Want to become a successful writer? Get adopted by Stephen King. With five fiction writers to their name — Stephen, Tabitha King, Joe Hill, Owen King, and his wife, Kelly Braffet — the Kings have turned writing into a family business, according to The New York Times Magazine profile on the clan. Pair with: the accompanying article on “Easter eggs” found in the family’s fiction.
“When we read with a child, we are doing so much more than teaching him to read or instilling in her a love of language." Anna Dewdney, best-selling children’s author and illustrator, died this past weekend after a battle with brain cancer. Her obituary concluded with this: “She requested that in lieu of a funeral service that people read to a child instead.”
"Every single book or painting or piece of music exists and we take from it what we need and love and shape it into another narrative that goes out into the world or stays within us, so it’s this great thing of one narrative piling onto the next. It’s hard to define." Miriam Toews talks with The Rumpus about her novel All My Puny Sorrows and the distinctions, or lack thereof, between autobiography and fiction.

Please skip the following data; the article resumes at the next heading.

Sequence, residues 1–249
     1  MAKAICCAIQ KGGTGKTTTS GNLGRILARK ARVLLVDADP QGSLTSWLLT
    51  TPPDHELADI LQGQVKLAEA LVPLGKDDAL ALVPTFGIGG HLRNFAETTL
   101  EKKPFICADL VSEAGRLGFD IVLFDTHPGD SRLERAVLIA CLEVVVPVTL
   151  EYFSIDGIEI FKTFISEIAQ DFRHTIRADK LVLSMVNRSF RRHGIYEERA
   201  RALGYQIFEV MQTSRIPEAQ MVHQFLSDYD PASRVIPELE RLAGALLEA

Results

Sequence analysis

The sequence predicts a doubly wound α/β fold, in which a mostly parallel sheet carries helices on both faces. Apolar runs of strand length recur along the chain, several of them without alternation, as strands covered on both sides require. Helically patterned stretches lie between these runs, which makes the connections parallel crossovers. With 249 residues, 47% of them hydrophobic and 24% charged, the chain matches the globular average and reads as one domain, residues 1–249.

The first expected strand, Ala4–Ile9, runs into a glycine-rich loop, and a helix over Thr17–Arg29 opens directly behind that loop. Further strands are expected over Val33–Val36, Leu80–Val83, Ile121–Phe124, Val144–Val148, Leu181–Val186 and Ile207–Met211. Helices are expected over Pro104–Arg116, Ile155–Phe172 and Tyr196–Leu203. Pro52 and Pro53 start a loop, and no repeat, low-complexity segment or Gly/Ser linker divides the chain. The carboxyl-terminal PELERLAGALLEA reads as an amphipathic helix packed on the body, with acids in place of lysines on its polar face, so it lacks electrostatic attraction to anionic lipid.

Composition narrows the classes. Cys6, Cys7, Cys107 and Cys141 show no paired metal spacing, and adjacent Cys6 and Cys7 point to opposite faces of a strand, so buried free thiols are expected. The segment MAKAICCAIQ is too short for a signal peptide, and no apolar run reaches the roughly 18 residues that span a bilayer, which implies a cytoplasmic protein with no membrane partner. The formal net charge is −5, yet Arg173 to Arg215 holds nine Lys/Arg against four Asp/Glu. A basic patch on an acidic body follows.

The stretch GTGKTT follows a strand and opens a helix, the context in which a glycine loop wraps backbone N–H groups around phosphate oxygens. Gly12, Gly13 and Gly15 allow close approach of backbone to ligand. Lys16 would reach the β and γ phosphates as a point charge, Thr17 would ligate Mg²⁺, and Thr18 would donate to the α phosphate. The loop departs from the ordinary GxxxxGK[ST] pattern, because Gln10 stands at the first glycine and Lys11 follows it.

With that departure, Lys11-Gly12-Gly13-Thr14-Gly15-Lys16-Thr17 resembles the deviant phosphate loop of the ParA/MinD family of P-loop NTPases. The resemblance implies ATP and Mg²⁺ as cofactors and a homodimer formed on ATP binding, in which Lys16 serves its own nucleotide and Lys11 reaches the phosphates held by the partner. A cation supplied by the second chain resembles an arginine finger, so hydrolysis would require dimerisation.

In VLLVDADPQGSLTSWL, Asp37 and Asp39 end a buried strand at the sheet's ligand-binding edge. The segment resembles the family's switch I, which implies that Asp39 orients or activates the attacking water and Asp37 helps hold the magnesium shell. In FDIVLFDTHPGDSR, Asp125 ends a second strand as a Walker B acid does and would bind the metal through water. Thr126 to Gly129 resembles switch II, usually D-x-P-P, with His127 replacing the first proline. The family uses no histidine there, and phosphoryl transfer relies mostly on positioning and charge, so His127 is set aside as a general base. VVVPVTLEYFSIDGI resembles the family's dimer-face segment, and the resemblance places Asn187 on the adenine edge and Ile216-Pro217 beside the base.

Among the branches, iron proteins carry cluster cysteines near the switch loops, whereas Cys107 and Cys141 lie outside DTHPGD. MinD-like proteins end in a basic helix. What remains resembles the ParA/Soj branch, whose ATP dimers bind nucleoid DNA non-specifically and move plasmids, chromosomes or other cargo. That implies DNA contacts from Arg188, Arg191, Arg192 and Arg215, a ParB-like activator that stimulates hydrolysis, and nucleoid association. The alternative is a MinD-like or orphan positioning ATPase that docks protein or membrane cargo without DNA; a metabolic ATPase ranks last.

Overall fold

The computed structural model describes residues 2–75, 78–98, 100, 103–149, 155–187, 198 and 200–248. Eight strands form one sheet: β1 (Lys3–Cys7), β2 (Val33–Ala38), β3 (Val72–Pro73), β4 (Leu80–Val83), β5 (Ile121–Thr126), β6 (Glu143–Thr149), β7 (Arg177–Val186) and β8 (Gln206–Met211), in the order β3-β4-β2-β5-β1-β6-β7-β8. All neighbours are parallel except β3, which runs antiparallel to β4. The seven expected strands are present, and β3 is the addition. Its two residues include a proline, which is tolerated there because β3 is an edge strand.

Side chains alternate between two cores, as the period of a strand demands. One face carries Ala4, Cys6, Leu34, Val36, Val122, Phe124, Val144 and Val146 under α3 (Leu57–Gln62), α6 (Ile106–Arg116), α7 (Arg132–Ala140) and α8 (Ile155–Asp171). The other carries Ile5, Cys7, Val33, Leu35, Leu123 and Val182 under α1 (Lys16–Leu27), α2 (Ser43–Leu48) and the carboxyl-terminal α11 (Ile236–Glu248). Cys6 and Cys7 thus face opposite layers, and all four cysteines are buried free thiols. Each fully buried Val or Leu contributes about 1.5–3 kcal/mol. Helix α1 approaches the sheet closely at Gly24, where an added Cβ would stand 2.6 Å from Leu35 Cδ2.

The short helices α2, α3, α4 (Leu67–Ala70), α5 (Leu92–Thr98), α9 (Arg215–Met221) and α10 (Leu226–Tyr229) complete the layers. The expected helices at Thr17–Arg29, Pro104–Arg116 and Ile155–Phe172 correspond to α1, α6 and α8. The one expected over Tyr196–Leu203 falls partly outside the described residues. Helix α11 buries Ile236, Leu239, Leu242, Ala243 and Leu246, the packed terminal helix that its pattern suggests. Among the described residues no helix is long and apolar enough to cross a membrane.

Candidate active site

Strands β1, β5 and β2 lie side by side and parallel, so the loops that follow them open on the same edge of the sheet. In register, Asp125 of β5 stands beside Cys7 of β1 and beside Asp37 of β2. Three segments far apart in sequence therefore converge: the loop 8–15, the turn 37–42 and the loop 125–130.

"And now An American Marriage, with its ruminations on masculinity, married life, and what constitutes marital debt, manages the trick of arriving at the right time while also feeling utterly untethered to just one era." BuzzFeed News profiled writer Tayari Jones about her life, oeuvre, and fourth novel, An American Marriage. Pair with: Jones's 2017 Year in Reading entry.
If you enjoyed the profile of Anne Carson in the latest New York Times Magazine – fictitious “ice bats” notwithstanding – you’re going to really love Parul Sehgal and Nathan Huffstutter’s two takes on Red Doc>. The work, Sehgal writes, is “suspended between what it is and what we want it to be.” And also, writes Huffstutter, it’s a work that “courses with a wit shot through with intelligence and humility.”
Get Your War On creator and How to Sharpen Pencils author David Rees was recently interviewed about his new show on the National Geographic channel. The premise behind the new venture is simple: “anything in the world that seems like there’s nothing to learn about, that’s what we want to learn about.”